Digital solutions for the post-Covid-19 world have left many older people in China battling to adapt.
Community centres try to help, tech companies tailor products for the elderly and the government has policies that address the issue.
But according to experts, more needs to be done to help people like 72-year-old Wang Yingru – who, without her family’s support, could not even buy groceries or make medical appointments.
When the Covid-19 epidemic began, private services in China quickly digitised, placing emphasis on information gathering to contain and stop the spread of the coronavirus.
Now digital QR codes are needed to enter shopping centres and banks, for example, and to use public transport.
Hospitals rapidly moved making reservations onto mobile phone apps, while many supermarkets stopped accepting any means of payment other than by mobile phone.
Wang used to pay by cash at supermarkets, could use public transport freely, and made medical appointments by walking into a hospital and speaking to a receptionist.
But in the post-Covid-19 world that’s all changed, and Wang struggles to keep pace with the changes.
“I asked my children to set up an electronic wallet on my phone, then I tried it at a supermarket,” she told the Post. “After a few times, I gradually got the hang of it.”
However, she is still not able to do essential things such as making a medical appointment online, hailing a taxi using her phone, or transferring money to others.
News reports during the coronavirus outbreak highlighted how widespread these problems are in China.
The State Council, the executive branch of China’s central government, is aware of the problem. In November it issued policies intended to help old people make better use of smart technology to access medical treatment, recreational activities and public services.
This builds on the work of community centres, which have for years been trying to keep the elderly up to date.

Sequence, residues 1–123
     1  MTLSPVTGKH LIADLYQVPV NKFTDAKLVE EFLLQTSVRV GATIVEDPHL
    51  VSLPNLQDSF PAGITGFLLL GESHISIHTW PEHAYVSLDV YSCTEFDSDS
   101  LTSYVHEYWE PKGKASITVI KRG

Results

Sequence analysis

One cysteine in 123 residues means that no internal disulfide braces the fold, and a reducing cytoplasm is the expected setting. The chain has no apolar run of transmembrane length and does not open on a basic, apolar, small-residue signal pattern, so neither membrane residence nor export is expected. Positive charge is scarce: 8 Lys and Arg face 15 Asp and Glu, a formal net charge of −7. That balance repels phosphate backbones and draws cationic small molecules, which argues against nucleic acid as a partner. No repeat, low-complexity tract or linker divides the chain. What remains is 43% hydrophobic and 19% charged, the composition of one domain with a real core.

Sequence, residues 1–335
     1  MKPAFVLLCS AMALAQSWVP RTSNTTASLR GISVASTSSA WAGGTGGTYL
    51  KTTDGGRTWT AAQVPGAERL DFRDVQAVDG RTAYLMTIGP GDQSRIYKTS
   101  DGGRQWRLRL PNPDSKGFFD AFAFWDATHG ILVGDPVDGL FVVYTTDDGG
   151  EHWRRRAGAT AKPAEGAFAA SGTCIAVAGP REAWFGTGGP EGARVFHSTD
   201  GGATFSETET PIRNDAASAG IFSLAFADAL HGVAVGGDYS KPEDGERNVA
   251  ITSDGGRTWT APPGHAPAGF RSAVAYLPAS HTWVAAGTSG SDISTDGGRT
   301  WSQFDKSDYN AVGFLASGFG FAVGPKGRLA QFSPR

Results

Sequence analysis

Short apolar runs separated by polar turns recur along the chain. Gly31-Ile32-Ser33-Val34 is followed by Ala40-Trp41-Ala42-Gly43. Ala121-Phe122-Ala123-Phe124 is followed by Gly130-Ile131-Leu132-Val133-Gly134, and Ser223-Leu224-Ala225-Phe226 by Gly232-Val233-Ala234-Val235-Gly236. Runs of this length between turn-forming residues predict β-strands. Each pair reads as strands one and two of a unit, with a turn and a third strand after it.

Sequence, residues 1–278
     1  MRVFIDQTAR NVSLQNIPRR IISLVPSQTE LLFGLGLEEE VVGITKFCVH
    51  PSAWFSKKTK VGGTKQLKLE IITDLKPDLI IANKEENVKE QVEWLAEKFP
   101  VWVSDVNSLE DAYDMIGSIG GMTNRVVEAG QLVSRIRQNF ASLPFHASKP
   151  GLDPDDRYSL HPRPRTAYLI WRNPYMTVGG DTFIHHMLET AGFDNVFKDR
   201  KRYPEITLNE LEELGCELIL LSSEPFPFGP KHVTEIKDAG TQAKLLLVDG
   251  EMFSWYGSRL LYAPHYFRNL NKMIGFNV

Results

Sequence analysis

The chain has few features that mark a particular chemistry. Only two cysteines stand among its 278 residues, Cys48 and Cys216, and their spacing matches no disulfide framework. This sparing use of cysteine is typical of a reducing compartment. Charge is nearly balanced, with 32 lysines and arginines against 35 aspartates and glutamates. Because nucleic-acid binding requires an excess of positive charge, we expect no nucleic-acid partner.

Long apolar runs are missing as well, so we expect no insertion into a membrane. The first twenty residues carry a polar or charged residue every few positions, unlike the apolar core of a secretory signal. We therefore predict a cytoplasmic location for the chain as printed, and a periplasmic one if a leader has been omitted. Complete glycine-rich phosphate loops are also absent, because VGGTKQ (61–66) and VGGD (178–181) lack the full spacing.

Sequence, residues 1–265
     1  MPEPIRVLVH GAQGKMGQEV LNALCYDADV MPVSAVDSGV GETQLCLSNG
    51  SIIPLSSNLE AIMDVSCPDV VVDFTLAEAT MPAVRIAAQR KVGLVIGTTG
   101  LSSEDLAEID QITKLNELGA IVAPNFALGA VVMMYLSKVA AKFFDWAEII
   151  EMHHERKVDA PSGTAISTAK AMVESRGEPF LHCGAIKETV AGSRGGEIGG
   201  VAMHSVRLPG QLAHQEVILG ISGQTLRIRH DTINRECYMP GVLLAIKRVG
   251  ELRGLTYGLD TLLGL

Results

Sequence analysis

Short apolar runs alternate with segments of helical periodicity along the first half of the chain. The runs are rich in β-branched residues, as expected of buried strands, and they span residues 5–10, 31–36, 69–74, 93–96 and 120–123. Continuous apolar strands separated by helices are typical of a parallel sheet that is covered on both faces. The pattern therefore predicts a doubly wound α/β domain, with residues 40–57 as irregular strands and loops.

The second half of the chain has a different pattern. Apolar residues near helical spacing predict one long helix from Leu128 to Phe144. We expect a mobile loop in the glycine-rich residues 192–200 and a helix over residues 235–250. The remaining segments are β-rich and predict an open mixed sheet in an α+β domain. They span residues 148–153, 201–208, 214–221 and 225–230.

Sui Mingzhe, supervisor of a Beijing-based charity for the elderly, See Young, said it started passing on digital know-how to elderly clients in 2011.
“Back then, we mostly taught them how to use a computer and smartphones,” he said.
From teaching computer skills, volunteers progressed to showing the elderly how to use messaging and social media app WeChat, create a musical album, and make purchases online.
Sui believes that with the elderly now spending more time at home, they have even greater digital needs.
“There’s more requirement for them to participate, such as using health QR codes, to shop online, or make appointments on their phone. They went from choosing the digital world to being forced to learn.”
The pandemic’s impact has seen the number of elderly digital users in China increase by 36 million from March to June – a jump from 6.7 per cent to 10.3 per cent – according to a China Internet Network Information Centre report released in September.
Tech companies have been targeting the elderly for some time, recognising the enormous financial potential of the market they represent. They have designed elderly-friendly products with enhanced features.